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PFS hits back at FCA in defence of IFAs

The chief executive of the Personal Finance Society has hit back at the FCA’s chief executive Martin Wheatley after the latter claimed in a speech to the Worshipful Company of International Bankers in early March that advisers must “make the cultural changes stick before memories of the financial crisis fade”.

According to Mr Richards, Mr Wheatley said the financial services industry had “the narrowest of windows in which to take advantage”.

But Mr Richards claimed the fact that a “significantly greater than predicted” number of qualified advisers remained in the market 15 months after RDR was implemented was not “simply down to their resilience” and he said it deserved “positive recognition”.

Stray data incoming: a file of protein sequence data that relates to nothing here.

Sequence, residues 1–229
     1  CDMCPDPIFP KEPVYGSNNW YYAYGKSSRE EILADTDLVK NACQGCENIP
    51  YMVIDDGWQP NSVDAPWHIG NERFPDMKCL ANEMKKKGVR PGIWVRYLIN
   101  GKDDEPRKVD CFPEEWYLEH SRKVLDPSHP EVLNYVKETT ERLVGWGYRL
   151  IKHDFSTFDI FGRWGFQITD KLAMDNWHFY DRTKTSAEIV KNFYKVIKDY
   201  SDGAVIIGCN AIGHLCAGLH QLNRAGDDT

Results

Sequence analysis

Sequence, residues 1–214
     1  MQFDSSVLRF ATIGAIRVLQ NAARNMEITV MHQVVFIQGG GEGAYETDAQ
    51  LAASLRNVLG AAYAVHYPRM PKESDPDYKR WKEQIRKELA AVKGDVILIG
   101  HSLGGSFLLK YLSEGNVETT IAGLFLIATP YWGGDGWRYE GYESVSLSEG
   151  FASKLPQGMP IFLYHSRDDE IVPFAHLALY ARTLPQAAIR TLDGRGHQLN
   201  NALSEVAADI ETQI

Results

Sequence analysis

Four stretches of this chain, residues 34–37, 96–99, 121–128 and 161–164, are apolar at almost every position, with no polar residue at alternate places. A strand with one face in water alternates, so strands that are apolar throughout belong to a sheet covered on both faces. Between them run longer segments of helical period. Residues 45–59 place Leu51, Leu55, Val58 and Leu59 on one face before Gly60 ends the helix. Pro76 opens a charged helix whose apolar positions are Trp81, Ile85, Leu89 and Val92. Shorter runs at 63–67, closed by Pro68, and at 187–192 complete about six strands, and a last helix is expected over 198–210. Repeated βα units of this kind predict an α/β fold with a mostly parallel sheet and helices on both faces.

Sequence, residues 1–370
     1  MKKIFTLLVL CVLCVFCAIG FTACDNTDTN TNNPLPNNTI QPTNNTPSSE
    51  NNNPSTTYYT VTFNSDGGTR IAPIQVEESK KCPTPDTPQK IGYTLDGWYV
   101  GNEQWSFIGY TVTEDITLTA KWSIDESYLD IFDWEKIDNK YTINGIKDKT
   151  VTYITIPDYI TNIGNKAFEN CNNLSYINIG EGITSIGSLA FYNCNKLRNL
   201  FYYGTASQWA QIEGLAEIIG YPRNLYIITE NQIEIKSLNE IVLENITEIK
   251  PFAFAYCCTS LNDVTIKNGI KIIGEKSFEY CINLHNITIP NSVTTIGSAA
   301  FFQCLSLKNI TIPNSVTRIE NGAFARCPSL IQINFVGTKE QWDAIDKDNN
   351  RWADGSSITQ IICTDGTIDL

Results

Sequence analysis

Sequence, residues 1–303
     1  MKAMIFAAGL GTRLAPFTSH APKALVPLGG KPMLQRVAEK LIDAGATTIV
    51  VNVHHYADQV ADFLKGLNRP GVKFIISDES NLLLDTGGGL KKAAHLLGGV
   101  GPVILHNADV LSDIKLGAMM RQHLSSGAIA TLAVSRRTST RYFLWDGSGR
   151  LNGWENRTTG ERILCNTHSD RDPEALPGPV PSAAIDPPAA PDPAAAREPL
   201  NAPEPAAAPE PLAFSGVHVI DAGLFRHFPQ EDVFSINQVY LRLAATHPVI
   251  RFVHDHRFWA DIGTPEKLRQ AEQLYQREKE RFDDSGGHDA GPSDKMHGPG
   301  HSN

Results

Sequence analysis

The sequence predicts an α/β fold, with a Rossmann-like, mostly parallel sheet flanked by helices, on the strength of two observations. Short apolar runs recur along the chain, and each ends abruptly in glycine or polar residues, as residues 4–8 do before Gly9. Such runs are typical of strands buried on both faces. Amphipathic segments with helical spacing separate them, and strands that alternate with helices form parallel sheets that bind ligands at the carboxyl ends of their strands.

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He said: “The advice profession wholeheartedly recognises the opportunity to evolve and is seriously committed to securing and justifying public confidence and trust as a profession, as well as on an individual basis.”

He said this was demonstrated by the fact just 1 per cent of complaints received by the Financial Ombudsman Service related to intermediated advice while less than half were upheld.

Mr Richards added: “The adviser community fully appreciates the need to maintain the momentum of positive change, seeing it as a chance to shape the way the profession is perceived in the future.”

However, Mr Richards acknowledged there was more to be done and said: “There is little to gain from burying our heads in the sand or responding defensively.”

He added that “poor cultural perception” had not been helped by the “fragmented and disparate nature of the industry in the past”.

The PFS recently announced its 4,000th chartered individual member and confirmed that 600 firms now hold chartered status.